On Wednesday we had an assortment of foods at breakfast- eggs and hot noodles as well as the usual jam and toast, not forgetting tea and coffee. My colleague Rob ate 10 pieces of toast to replace the usual 10-12 Weetabix he usually eats at home! I found this shocking if a little hilarious!
We headed off to Purnea School again along the same rocky road we took the day before. This was my colleague Amy’s first trip to Purnea as she had stayed behind the day before to review her teacher she had observed, so she was very excited! We got a fresh tour of parts of the school we had not seen the day before like the soon to be girls dormitory, library and IT room, the teachers office and finally the ladies quarters where Samuel’s wife and new born baby were. We also made sure Amy tasted ‘Thumbs Up’! We then observed a Hindi poetry class held outside while we sipped our curry fizz.
Back at Ranipathra, Amy proceeded to do a special session on imitation using body parts and asked the class to describe body parts with actions. Rob also awarded a score of 5/5 to one of his teachers who implemented differentiation in her lesson very well. After lunch, Rob also did mentoring on differentiation, visual/auditory or kinaesthetic mentoring. He gave out a survey which showed you which type of learner you could be which allowed the teachers to understand that their students are all different learners. During the mentoring session the group were much more social and vocal. We were later served very sweet tea in miniature cups with biscuits which I adored.
|Another of our special sessions.|
Later on, we went to a nearby restaurant to dine with the head teachers. Before we reached the restaurant, we stopped by a market to collect some resources for a poster activity we were doing later. It was dark by then, but we were clearly getting attacked by a swarm of mosquitoes!
When we finally reached the restaurant, the lights were dim but the food was amazing! We had the best rice I’ve ever tasted, daal, and meats with garlic naan bread. The Head Teachers schooled us on Indian traditions especially regarding weddings and birthday parties. I was enlightened to find out that married women never refer to their husbands by their first names, rather refer to them as ‘‘the father of my child’’ or (insert child’s name) father- it is apparently seen as a form of disrespect to call your husband by his first name in front of others. They were also very interested in weddings in the UK and how much they cost. We then drove back to the school and organised gifts for the following day.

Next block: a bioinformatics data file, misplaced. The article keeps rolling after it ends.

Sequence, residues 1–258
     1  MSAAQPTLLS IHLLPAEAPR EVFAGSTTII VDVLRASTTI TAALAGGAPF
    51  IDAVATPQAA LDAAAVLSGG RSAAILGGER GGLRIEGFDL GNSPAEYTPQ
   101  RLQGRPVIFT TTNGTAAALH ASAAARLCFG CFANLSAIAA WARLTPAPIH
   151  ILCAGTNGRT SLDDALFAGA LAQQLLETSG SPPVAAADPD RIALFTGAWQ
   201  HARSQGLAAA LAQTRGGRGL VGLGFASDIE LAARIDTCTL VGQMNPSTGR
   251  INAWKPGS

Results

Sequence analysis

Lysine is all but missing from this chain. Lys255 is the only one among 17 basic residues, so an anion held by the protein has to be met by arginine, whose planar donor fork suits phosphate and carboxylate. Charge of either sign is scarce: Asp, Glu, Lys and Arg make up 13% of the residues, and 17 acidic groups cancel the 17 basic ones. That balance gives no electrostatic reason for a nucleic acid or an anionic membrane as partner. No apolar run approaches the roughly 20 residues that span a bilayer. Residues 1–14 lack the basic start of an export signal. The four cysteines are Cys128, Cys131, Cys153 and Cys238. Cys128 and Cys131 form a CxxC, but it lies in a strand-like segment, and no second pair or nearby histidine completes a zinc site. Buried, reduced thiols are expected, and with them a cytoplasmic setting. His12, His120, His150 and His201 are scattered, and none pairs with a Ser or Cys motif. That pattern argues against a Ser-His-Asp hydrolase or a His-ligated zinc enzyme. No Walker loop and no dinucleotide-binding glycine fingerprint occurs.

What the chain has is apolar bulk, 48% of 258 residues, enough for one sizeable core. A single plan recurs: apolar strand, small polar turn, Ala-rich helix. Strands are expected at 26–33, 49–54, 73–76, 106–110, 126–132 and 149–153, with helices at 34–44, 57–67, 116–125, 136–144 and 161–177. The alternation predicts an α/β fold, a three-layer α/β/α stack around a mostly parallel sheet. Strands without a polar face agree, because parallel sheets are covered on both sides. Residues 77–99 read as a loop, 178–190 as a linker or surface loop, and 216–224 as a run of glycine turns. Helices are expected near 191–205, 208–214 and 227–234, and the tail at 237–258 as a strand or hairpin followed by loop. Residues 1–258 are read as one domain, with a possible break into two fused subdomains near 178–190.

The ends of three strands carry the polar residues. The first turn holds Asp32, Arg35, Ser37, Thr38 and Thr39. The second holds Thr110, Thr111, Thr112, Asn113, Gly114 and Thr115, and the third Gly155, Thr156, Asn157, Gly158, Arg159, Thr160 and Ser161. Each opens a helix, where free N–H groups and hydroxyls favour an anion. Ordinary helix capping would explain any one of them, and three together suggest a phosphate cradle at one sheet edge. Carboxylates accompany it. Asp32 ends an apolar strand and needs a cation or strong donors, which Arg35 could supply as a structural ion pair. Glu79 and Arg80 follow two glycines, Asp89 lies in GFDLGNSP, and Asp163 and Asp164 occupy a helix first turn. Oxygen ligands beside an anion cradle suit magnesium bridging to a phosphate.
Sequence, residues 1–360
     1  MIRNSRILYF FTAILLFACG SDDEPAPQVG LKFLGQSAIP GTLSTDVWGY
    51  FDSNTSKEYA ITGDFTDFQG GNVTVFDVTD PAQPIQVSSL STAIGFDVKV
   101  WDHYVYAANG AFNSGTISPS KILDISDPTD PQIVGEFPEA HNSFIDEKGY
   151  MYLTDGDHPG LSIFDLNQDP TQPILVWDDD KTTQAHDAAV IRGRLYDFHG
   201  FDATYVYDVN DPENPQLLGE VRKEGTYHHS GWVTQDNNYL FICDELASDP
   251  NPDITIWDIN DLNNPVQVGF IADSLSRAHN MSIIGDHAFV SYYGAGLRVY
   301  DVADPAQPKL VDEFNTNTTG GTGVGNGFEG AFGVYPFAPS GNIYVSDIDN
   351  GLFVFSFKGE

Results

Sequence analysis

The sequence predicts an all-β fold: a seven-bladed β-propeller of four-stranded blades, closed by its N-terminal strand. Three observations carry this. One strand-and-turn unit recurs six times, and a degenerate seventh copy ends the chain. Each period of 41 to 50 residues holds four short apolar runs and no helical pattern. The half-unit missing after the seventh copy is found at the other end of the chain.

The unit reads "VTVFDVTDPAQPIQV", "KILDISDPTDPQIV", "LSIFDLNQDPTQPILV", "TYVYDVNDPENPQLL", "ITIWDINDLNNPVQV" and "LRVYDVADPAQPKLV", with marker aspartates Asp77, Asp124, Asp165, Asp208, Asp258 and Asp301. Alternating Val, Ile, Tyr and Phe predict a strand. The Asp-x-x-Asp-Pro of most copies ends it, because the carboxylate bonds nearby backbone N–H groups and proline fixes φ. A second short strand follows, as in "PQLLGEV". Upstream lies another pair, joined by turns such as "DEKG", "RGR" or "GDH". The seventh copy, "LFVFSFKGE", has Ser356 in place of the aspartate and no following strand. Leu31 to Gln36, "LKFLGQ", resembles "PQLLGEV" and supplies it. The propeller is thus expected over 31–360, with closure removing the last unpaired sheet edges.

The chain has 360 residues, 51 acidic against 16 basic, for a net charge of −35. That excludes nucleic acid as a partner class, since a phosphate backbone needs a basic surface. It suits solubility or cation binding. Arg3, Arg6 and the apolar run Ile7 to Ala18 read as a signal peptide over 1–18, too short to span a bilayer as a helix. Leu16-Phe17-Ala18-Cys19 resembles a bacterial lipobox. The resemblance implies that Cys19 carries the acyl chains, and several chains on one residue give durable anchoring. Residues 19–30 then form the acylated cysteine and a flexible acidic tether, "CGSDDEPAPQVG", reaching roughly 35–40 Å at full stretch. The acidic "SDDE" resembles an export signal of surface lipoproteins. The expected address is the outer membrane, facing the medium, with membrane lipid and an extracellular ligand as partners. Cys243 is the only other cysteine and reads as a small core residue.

On Thursday we drove for an hour to visit Falka School. We first saw the usual school assembly but this one included a prayer, the Indian national anthem and the school rules. It was really interesting to watch as it was mainly led by the children and partly by Head Teacher Nathaniel. I couldn’t help but record the whole thing on the camera.
Firstly, I observed a lesson on different types of animals followed by a general studies lesson with a starter that blew me away. The lesson involved naming the parts of a horse and the Teacher literally bought a horse into the school which belonged to a student and took the class outside to identify its body and its function. At this point of the day, it was considerably hotter than the past few days so we were offered big cups of the same tea as the day before with amazing spices and biscuits.
We then drove from Falka to Ranigangj School where we met with the Head Teacher Vinod and he gave us a tour of the school which included the dorms which housed 10 children. We then had lunch with the Head Teacher’s quarters and of course our plates were piled up again and again and we could not resist but to comply. We then split up to observe lessons. I observed one about identifying items in the home with a primary class. The Teacher demonstrated active learning by playing Tic Tac Toe with his class. Once observations were done, we drove for an hour and a half back to Ranipathra. I remember the heat getting quite intense as the afternoon continued, so much so that I felt overheated in the car on the way back. There seemed to be a lot of traffic as it was a busy time of day but once we finally reached the school we decided to take a walk through the village behind the school. The children were so excited to see us; they posed for pictures and followed us all the way back to the school.
Later on, we packed our belongings and then got ready for the birthday party which was starting on the school yard. I could hear music booming from my dorm and proceeded to get ready. We wore our personally tailored Salwaar Kameezs but was a little bit big, so it had to be re-sown but I was thankful because I got personalized trousers too which were so comfortable. I decided to go all out so I put on all my bangles and headed downstairs. I was surprised to see the boys in the group wore their sparkly white kaftan tops. The music was loud and my colleague Katherine appeared with a little yellow sparkly dress. Jacob, the Head Teacher ofRanipathra wore a black curly wig as he MC’d the event, cracking jokes on the microphone. It was dark outside but there were lots of bright lights set up as well as a beautiful candle lit table which stretched far enough to fit all of us 40 odd people. We were served a hot dinner and of course we went back for seconds if not thirds.
Surprisingly, one of the teachers Anil Paul did a solo dance to the Korean pop track, ‘Gangam Style’ (which he’d clearly rehearsed) and even more shockingly my Impact colleague Jackson was asked to battle with him. He was taken off guard but her was a trooper and practically won the dance off on behalf of Impact and the UK. Afterwards, everyone sang Happy Birthday to Katherine and we all had a cake fight! It was such a wonderful day!
Idman- Impact Teachers Recruitment Consultant